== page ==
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In theory, the ransomware exercise will lead executives to ask questions about network security, cybersecurity tools and contingency plans. This can pave the way to teaching the board about these issues, and arguing for the finances required to ensure network security.
"That will give you the opportunity to show your executives information in a real way that they can digest and make decisions upon. And you can show them 'here's where we have maturity, here's where we're lacking and we're going to need budgets so that we can bolster our defences'," says Payton.
These conversations are also important because they can provide an avenue to helping boardrooms understand the issues around cybersecurity.
Sometimes, cybersecurity professionals take certain attitudes for granted because they live and breathe the subject. But non-experts might not consider the tools and skills needed to help keep an enterprise secure, which is important to remember when talking about cybersecurity in boardrooms.
"I think the average board member is completely overwhelmed by the amount of jargon and terminology that it's incredibly difficult for somebody who's disconnected from these topics to make decisions," says Betsy Cooper, director of the Aspen Tech Policy Hub, which works to educate executives and decision makers on cybersecurity.
Bosses might not see the issue with using a weak password or not having multi-factor authentication because, in their eyes, complex passwords or an alert to double check if it's really them logging in is a barrier to productivity. Understanding why executives might feel this way is key to getting the message across.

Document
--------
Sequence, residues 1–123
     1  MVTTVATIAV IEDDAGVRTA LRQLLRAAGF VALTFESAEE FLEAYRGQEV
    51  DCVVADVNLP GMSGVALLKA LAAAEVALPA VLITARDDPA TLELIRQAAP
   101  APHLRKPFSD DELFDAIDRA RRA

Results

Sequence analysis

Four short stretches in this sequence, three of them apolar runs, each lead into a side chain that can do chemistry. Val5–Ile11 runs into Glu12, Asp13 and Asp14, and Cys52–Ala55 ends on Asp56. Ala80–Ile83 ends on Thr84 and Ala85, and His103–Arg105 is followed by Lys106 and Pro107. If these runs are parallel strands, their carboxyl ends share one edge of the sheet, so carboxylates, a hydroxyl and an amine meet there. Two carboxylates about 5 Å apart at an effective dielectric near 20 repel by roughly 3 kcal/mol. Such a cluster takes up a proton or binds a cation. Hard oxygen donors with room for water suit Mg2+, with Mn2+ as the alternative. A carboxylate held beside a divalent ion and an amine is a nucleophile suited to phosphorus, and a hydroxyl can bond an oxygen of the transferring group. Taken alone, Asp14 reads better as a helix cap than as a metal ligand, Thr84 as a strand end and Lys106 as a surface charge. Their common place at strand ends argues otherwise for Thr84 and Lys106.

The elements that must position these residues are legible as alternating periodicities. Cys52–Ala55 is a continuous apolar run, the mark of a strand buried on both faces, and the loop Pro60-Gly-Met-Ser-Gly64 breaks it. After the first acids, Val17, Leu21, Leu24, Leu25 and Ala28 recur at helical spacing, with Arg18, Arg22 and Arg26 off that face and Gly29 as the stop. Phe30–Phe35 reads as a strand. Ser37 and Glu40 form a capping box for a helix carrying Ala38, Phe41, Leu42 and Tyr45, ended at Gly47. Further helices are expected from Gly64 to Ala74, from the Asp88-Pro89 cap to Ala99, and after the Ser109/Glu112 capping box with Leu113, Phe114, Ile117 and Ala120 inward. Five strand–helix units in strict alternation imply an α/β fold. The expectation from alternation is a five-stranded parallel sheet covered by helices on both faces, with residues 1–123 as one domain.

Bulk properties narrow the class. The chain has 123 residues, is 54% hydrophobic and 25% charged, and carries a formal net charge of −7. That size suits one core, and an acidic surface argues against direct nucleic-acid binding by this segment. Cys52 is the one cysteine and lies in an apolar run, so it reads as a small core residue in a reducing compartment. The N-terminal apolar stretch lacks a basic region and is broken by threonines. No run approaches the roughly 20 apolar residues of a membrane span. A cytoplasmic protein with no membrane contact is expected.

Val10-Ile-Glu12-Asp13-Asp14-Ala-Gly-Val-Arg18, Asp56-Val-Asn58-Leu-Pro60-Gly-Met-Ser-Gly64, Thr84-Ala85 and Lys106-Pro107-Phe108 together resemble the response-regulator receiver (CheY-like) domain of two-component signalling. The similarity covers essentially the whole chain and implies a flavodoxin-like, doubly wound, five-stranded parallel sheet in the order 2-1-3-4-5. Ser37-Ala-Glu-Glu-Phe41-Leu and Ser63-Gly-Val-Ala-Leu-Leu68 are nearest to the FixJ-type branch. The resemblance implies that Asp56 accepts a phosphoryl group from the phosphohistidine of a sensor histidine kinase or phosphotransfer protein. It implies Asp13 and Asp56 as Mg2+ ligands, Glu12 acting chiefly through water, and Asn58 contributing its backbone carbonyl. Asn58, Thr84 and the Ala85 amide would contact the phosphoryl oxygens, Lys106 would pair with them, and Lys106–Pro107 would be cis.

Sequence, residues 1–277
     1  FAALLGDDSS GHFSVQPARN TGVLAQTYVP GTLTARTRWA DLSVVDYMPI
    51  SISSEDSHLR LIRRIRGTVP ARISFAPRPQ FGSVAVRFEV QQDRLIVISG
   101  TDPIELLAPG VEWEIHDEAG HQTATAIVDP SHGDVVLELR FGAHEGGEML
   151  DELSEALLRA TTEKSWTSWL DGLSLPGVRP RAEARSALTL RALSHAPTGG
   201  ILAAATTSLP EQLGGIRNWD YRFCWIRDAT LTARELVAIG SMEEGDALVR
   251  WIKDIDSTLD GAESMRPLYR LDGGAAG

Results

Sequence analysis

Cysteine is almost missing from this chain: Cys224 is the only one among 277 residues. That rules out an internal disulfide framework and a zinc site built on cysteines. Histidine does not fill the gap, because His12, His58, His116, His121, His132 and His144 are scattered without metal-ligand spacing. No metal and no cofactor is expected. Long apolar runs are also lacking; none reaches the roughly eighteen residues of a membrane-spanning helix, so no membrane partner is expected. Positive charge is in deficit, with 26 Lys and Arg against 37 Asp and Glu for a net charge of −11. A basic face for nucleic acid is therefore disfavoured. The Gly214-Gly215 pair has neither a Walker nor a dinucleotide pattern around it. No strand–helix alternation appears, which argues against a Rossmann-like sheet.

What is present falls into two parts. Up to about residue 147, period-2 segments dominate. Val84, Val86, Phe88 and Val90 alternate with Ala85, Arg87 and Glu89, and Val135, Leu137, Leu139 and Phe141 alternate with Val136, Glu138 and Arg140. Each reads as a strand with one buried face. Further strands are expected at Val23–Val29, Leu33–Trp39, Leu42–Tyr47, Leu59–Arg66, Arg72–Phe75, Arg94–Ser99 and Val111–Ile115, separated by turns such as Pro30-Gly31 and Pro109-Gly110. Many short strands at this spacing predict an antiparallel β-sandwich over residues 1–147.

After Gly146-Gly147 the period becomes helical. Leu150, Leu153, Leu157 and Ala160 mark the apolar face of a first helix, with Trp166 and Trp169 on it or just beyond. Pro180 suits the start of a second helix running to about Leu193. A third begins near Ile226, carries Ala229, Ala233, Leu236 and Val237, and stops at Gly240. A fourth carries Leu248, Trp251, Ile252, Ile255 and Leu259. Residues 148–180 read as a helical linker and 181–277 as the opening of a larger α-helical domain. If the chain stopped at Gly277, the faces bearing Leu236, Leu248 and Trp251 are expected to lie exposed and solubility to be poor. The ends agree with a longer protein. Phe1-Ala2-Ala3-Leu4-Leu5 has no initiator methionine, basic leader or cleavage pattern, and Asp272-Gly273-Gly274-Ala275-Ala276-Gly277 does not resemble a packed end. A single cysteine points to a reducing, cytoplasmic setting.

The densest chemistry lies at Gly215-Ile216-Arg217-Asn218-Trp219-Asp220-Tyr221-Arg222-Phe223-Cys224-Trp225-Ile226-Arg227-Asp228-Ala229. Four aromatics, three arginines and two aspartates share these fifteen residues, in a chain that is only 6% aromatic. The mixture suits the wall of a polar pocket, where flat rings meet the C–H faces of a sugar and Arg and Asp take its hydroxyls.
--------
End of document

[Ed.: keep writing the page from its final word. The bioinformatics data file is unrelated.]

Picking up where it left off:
"One of the key things that we try to emphasize is not just you have to use simplified language, you have to avoid the jargon, but you also need to start with why it matters," says Cooper.
Once CISOs have the board's attention, they should back it up with a plan. They need a strategy for the security budget, and a clear idea of the tools, personnel and training it will purchase.
There's no point requesting a budget then just winging it: the board is more likely to issue the required funding if there's a set plan, a strategy they can see and get behind.
Some boards might even be impressed if the CISO is working under the budget they've set -- something that could lead to increased trust if requests for additional budget need to be made further down the line.
"Good CISOs recognise that to maintain their credibility with their board, they need to be seen to be spending money in a responsible manner. I've seen examples of them handing back money they don't have good uses to spend on, and saying 'give this to someone else to invest somewhere else in the business'," says McKay. "That kind of responsible stewardship is actually really important".
Businesses ultimately want to make money, and good cybersecurity can help them achieve that goal. A company's reputation -- and bottom line -- could take a dive if it's hit by a major data breach, ransomware attack or any other form of cybersecurity incident.
It can be difficult to persuade boardrooms to free up budget for cybersecurity, but CISOs need to be able to show why investment is needed -- and that by providing this investment, value is added to the business. No CISO wants to see their company become the next victim of a major cyberattack, so it's vital to engage with the board to get this across and secure the necessary budget.